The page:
High serum vitamin B12 levels are in many cases the result of abnormalities of vitamin B12 transport proteins (transcobalamins
Plasma transcobalamins in haematological disorders.
Vitamin [B.sub.12] in serum is bound to 2 proteins, transcobalamin (TC) (3) II and haptocorrin (HC).
The cobalamin-binding proteins transcobalamin and haptocorrin in maternal and cord blood sera at birth.
The vitamin is well retained in plasma and cells due to binding to specific proteins called transcobalamins
or to B12-dependent enzymes, and unlike with most B vitamins, there are minimal losses of B12 in urine.
Levels of transcobalamins I, II, and III during pregnancy and in cord blood.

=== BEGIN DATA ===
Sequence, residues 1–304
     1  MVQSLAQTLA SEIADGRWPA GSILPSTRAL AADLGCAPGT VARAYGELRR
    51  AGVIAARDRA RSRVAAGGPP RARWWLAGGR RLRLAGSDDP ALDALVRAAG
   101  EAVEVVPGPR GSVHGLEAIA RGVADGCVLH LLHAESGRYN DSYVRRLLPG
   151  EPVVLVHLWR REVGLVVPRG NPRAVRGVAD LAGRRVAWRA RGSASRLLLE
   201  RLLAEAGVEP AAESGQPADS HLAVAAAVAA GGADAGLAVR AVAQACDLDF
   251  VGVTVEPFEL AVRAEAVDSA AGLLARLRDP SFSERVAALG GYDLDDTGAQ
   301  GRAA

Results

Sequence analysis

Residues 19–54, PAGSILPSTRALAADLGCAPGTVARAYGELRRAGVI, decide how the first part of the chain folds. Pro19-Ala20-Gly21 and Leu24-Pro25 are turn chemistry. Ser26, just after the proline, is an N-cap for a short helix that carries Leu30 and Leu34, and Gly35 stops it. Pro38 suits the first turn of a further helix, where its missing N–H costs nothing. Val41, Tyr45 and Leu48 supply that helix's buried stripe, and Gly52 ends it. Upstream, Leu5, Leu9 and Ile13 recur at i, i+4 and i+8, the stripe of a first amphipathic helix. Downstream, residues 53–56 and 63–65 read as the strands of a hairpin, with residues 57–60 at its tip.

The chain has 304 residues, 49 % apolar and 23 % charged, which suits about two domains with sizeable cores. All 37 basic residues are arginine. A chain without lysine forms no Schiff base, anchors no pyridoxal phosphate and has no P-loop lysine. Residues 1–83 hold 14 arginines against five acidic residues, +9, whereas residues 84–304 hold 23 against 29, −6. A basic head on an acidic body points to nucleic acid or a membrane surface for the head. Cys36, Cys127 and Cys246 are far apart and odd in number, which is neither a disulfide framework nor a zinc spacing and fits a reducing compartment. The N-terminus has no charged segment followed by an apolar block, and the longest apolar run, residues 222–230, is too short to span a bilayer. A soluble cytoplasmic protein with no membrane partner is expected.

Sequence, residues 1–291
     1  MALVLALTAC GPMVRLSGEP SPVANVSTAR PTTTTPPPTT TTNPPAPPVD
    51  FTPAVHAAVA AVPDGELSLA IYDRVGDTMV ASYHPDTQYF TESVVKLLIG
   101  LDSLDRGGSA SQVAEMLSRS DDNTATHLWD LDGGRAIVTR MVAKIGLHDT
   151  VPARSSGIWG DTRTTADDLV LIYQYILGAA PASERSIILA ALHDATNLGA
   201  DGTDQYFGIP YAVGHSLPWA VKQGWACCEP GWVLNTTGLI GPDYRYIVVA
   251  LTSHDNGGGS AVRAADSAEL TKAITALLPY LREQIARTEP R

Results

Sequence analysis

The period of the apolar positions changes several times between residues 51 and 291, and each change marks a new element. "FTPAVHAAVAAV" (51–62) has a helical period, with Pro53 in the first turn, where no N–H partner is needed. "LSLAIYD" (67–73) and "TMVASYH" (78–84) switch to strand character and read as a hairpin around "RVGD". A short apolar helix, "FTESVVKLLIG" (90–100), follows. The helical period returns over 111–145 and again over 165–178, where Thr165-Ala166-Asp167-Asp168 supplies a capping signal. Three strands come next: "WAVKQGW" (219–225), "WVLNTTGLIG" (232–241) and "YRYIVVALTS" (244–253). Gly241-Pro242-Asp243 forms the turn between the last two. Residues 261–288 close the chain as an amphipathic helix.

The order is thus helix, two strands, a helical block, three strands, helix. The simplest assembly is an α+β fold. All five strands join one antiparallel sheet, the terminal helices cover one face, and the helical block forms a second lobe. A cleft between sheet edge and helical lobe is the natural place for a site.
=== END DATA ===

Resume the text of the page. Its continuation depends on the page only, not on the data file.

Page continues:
Vitamin [B.sub.12] (Cobalamin) circulates in plasma bound to 2 carrier proteins, transcobalamin [(TC).sup.4] and haptocorrin (HC).
Homocysteine, folate, vitamin [B.sub.12], and transcobalamins
in patients undergoing successive hypo- and hyperthyroid states [Letter].
Transcobalamins I and II as natural transport proteins of vitamin B12.
Among the few known nonmalabsorptive causes of low cobalamin concentrations is hereditary absence of transcobalamin I/haptocorrin (TC I/HC) [1,2] (11-16), which causes low serum cobalamin concentrations because most cobalamin circulates in the blood attached to TC I/HC (17-19).
Levels in normal, pathological, and foetal sera of the three transcobalamins. Ir J Med Sci 1973;142:51-7.
The unsaturated haptocorrin binding capacity was analyzed, and the unsaturated transcobalamin binding capacity was calculated by subtracting the unsaturated haptocorrin binding capacity from UBBC.